There's been a lot of discussion about which open source application works best as a replacement for Microsoft Outlook: Evolution, Ximian, Thunderbird, and so on. Let's add another contender to that list, shall we? Meet Spicebird, currently in beta 0.4 form.
Developed by Synovel, Spicebird's based on the Thunderbird / Sunbird / Mozilla axis of mail and messaging components, and pulls all of these functions together into one program. Mail, RSS feeds, calendaring / agendas, contacts, task management, and newsfeeds are all under a single roof.
The app uses a tabbed interface that's reminiscent of Firefox, so I didn't need to do any guesswork to figure out where everything was. There's also an applet / plugin architecture (again, from Mozilla), so the program's again extensible in a way that Firefox users will be familiar with.
I gave the 0.4 beta a quick whirl, and while I liked what I saw I immediately ran into some rough patches. For one, importing mail from Outlook is still flaky -- it got the folders but not the mail itself -- but my contacts imported without a hitch. I also liked the RSS feed organizers and other "gadgets" for the Home tab; the way this pane is set up is a lot more immediately useful for me than the same thing in Outlook.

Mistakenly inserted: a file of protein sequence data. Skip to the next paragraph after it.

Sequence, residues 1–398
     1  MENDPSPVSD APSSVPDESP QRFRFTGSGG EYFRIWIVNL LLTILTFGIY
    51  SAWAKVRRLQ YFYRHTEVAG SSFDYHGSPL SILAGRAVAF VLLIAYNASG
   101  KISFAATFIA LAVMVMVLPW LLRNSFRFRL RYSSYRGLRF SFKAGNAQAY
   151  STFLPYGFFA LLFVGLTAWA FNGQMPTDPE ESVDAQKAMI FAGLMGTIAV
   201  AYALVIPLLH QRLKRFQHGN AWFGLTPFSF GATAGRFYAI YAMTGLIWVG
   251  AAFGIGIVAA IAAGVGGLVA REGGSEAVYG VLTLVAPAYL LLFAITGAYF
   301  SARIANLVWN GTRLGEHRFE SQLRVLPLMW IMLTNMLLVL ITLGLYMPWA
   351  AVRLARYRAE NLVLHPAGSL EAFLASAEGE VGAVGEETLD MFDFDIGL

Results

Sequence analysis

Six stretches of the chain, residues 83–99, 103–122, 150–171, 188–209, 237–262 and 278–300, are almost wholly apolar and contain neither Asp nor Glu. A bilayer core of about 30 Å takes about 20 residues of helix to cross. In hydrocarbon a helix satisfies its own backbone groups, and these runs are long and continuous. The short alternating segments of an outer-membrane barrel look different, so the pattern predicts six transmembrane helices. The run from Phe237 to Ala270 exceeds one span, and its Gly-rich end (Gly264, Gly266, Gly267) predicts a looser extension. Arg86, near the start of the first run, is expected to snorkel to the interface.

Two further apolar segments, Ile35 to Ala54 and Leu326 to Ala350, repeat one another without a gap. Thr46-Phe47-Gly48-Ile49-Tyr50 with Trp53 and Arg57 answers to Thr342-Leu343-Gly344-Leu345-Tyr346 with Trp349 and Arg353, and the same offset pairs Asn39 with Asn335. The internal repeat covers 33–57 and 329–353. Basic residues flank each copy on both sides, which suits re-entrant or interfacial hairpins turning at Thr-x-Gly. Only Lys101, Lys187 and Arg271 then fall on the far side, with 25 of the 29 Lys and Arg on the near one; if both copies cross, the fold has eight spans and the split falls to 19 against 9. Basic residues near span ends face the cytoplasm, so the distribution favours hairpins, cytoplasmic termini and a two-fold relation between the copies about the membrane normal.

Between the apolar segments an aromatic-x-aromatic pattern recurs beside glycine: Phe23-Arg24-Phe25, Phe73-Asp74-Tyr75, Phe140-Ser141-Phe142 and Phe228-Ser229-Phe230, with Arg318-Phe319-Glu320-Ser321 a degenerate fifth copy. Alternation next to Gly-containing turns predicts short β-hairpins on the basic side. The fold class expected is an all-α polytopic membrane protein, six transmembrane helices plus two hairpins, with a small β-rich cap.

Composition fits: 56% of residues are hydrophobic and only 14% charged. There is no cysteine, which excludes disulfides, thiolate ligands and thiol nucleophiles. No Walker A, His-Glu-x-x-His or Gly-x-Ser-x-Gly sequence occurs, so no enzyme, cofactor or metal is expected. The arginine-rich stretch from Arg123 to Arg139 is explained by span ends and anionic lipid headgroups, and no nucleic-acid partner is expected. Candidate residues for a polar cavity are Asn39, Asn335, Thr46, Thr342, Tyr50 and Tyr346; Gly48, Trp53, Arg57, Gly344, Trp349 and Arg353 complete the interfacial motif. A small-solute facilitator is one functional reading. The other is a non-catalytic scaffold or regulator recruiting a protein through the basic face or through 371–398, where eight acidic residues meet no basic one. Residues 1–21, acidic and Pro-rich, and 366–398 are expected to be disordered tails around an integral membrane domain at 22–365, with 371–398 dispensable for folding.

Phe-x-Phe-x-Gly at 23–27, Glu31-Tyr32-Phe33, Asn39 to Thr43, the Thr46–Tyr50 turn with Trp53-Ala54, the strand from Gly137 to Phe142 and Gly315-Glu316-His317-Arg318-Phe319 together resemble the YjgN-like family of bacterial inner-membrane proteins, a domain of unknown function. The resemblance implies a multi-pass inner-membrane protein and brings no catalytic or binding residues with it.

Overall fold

There's a lot of little things about Spicebird that I know are going to annoy me, though -- most of them behaviors inherited from Thunderbird. Biggest offender: the "Ctrl-Q to quit" command, which I've used to close the whole program by mistake more than a couple of times.
Welcome to beta software! Here's your hard hat. Still, I'm eager to follow future editions of the program, and I'm planning to take a long, careful look at the 1.0 milestone when it drops -- and also pay attention to how the revamped Thunderbird project feeds into it or parallels it.